What is my expectation of privacy in a jail or prison?
Quite frankly, you have zero expectation of privacy, unless you are speaking
with your legal counsel, of course. The United States Supreme Court basically
stated as much in its
Bell v. Wolfish case, which is cited at 441 US 520 (1979). While certain Federal appellate
Circuit Courts may have a slightly more generous take on the issue, most
everyday commonsense people observing day to day life would agree there
is no privacy.
Whether it be from watching television shows and movies, perhaps speaking
with people who unfortunately have experienced incarceration, or simply
those of us who have to visit incarceration facilities as part of our
job, we are all familiar with the fact that inmates have no privacy when
it comes to using the toilet, showering, and are even strip searched when
entering and/or exiting the facility, whether it be for Court (in some
incarceration housing units), or perhaps even with visitation. For example,
in Gulf CI, the prison facility in Wewahitchka, I did an attorney-client
visit, as my client was charged for a criminal act alleged to have occurred
while he was already incarcerated on unrelated charges from when he had
different legal Counsel. When visitation was over, he underwent a strip search.
Having said, there is also no privacy with respect to telephone calls,
letters, as well as visitation. All phone calls are monitored by law enforcement,
and recorded. These calls are periodically provided to the prosecution,
and in turn, to the Defense Counsel, particularly if the inmate discusses
the facts of the case. Additionally, all letters coming in and out of
the facility are read by law enforcement. The only time such is not the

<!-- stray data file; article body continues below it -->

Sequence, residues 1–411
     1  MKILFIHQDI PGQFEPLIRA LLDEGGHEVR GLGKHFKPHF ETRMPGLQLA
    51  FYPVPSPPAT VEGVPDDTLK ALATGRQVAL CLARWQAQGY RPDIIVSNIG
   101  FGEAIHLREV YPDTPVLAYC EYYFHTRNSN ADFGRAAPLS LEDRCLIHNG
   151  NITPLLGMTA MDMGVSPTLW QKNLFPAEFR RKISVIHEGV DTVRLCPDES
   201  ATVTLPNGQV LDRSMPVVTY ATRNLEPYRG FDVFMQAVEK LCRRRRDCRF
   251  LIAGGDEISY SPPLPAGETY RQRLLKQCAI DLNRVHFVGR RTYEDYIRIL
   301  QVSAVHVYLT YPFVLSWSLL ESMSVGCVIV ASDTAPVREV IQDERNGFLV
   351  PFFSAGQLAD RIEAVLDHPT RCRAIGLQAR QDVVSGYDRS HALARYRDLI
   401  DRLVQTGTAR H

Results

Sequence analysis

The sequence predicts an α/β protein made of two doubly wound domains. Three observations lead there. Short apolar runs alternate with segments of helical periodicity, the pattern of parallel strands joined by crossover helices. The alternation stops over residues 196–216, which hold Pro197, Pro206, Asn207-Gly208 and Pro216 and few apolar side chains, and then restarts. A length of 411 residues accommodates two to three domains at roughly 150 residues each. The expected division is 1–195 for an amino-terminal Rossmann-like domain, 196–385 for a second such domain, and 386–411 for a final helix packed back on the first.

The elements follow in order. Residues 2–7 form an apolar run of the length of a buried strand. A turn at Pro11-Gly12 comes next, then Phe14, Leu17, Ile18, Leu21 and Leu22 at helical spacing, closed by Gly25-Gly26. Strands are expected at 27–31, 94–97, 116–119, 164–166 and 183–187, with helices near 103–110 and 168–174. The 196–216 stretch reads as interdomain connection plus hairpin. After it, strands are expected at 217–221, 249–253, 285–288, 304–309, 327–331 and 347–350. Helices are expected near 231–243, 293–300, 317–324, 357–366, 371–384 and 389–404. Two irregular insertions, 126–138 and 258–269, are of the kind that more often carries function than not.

case is if the envelope is marked "Legal Mail," as in coming
from legal Counsel.
With respect to visitation, visits to the Bay County Jail are both audio
and video recorded. The visits occur with the parties using a handheld
corded telephone for audio, and looking at one another over a television
or computer monitor, similar to using Skype or Facetime. Again, people
are monitoring the conversation in real time.
The only time an inmate has privacy is when the inmate is speaking with
legal Counsel, or perhaps some other privileged communication. Naturally,
inmates must be very careful with what they say to fellow inmates as well,
as inmates will work as "snitches" in an effort to receive a
lighter plea offer from the State for "snitching" on a fellow inmate.
As a general rule, if a person is incarcerated, there is no right to privacy
and no privacy exists, other than when speaking to legal Counsel. Unfortunately,
often an inmate who is new to the Criminal Justice system will have no
idea. Such is yet another example of why it is so important to immediately
contact my law office upon having a loved one arrested. If you, or someone
you know, is charged with a crime, call my office immediately at (850)
215-0628. I am only digits away, 24 hours a day!